I mean nothing literal or malevolent by the title, mind you, but a Sackville housewarming party is not your typical lukewarm gathering punctuated by stale small talk and crusty jello-mold puddings. The line comes from the beginning of a song by Stars, called “Your Ex-Lover is Dead”:
In short, Sackville weekends are nothing like Viennese nightlife, but damn, my friends here know how to party. Theresa and Scott just moved into a wonderful old house in Dorchester, and the knowledge that it is near a maximum-security penitentiary – like all of the houses in Dorchester, but apparently the houses on “Guard Row,” as it is called, sell for dirt cheap! – gave the night that dangerous edge. My fear of encountering a rogue prisoner on the dark marshes was amplified by stories of these types of escapes having been disturbingly achievable in the past, but luckily no convicts crashed the party.
The housewarming followed a fluid progression of events throughout the night, of course, but I’m going to break down the perfect Maritime party into its constituent elements:
It is a well-known fact that all indoor gatherings in the Maritimes occur in the kitchen, despite anyone’s efforts to branch the party out into a larger sitting room where there is ample seating. Maybe it dates back to a time when the only source of heat was in the kitchen, thus forcing people into closer proximity in the more intimate space, maybe it’s just because all of the food is usually in there. Whatever the reason, Maritimers maintain a deep psychological bond with the kitchen, and this is where people make their first drinks of the evening, comment favourably on the homemade dips, and guzzle shortbread cookies.
1. A kitchen.
The extra beds in the house and finished barn, as well as ample yard space for tents and even a trailer, meant that the need for designated drivers was cut down drastically. Since the house is about a 20-minute drive from Sackville, this was an excellent opportunity for everyone to have a drink or two if he or she was so inclined. House parties in town, of course, are all close enough to walk home from, precluding the need for making such sleeping arrangements in advance, but it was rather necessary for this particular party.
1. A surplus of mattresses, tents, hammocks, and couches — anything for a warm body to curl up on. (And they were all used in this case!)
The fire is a common feature of Maritime parties well into the fall, and they have been known to occur in the dead of winter as well. We’re just hardcore like that. In this case, there is a lovely fire pit situated about 15 meters from the house, on the grassy marsh by the Bay of Fundy. The moon, almost full, shone clean and white on the entire scene. The fire provided the contrasting orange warmth, and the lights of the penitentiary were visible (but did not seem particularly ominous) from across the calm water.
1. Instruments. (We had a guitar, a fiddle, and a drum, as well as some lovely harmonizing.)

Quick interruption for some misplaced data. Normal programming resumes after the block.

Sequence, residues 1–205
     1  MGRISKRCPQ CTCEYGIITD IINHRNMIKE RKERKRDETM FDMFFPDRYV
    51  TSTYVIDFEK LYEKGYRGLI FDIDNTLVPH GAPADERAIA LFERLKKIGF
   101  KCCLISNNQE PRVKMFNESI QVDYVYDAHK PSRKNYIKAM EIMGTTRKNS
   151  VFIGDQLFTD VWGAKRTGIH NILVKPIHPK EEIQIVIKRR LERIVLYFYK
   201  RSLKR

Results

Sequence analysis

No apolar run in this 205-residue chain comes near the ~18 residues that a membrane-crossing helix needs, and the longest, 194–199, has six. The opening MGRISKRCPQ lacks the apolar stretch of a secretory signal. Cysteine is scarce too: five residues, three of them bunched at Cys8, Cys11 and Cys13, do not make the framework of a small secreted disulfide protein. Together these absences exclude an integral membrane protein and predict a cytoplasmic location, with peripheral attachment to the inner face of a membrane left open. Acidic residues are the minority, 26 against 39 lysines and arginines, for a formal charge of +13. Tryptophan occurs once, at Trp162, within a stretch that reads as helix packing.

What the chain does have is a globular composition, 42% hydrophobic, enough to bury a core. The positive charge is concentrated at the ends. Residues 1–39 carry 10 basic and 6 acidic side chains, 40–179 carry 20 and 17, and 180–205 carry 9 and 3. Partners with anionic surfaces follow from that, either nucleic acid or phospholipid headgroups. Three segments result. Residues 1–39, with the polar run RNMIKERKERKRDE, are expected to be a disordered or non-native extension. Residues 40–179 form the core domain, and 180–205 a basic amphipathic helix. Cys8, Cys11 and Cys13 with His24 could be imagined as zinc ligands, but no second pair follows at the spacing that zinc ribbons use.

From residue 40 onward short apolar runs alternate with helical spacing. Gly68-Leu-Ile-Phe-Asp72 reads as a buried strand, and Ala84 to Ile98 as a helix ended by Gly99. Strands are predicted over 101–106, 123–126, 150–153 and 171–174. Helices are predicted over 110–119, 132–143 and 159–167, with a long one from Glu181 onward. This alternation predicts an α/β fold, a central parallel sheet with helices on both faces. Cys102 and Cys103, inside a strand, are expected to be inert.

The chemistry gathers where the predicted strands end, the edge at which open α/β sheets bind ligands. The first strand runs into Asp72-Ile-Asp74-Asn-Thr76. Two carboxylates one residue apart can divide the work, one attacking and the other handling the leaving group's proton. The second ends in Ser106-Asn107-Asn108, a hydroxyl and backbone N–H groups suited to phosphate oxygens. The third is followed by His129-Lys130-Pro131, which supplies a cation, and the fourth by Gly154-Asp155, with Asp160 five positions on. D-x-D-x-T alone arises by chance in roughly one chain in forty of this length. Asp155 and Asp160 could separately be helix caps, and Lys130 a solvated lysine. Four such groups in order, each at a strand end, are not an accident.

2. Alcohol. (Ours was a big bottle of tequila, quite warming in its own right.)
3. People willing to stoke the fire. (They were numerous and enthusiastic, as usual.)
In my opinion, any party worth its salt will have a significant amount of dancing. Why else would people congregate on a Saturday night? We did indeed eventually dance the night away to some excellent DJing, gradually losing our fellow dancers as they melted into the darkness to seek out places to sleep. Finally, a few hours before dawn, everyone was boogied out and ready for bed. The best aspects of dancing in the comfort of one’s own home (or the homes of others): there is no closing time, the drinks are free, and you get to pick the music.
1. A large, open space with no breakables vulnerable to flailing arms and the over-enthusiastic twirling of dance partners. (The living room was perfect for this.)
2. An iPod or other music source and someone(s) willing to DJ. (This also worked out well!)
3. A group of people willing to dance with few or no inhibitions. (Never in short supply, if your friends are awesome.)
The next morning, the hosts were kind enough to provide ingredients to make brunch the next morning, and a collective of people helped to make delicious latkes and sweet baked beans, strong coffee, and crispy bacon. Reliving the night’s devolution into sloppy dancing and analyzing the guests’ various antics and injuries is a great aspect of the morning after a party, and only happens if enough people have spent the night or returned for the brunch. It was lovely to sit in the sunlit yellow kitchen and drink coffee with friends while my body wondered what made me decide that sleeping on a short couch was a plausible idea.
1. Ingredients. (Literally. Can’t be makin’ bacon if you don’t have any to begin with.)
2. Nice people willing to grind coffee beans and flip latkes. (Thank you!)
We went home soon after brunch was finished, to enjoy a leisurely Sunday afternoon (or to reluctantly get started on those course readings, for those among us in university). The vast marshes are equally as beautiful in the daylight – including the not-unpleasant, and even nostalgic, smell of manure wafting by on the breeze. I count it a successful housewarming, thanks especially to Theresa and Scott for their hospitality. Such a party ushers the house itself into a well-established tradition of Maritime-style celebration that extends deep into the night and often continues the next morning, although something tells me that in its own long history, this house has seen similar gatherings before.
One thought on “Housewarming, the Sackville Way: Set Yourself on Fire”
even more sorry we missed this… but your words brought it to life. xo.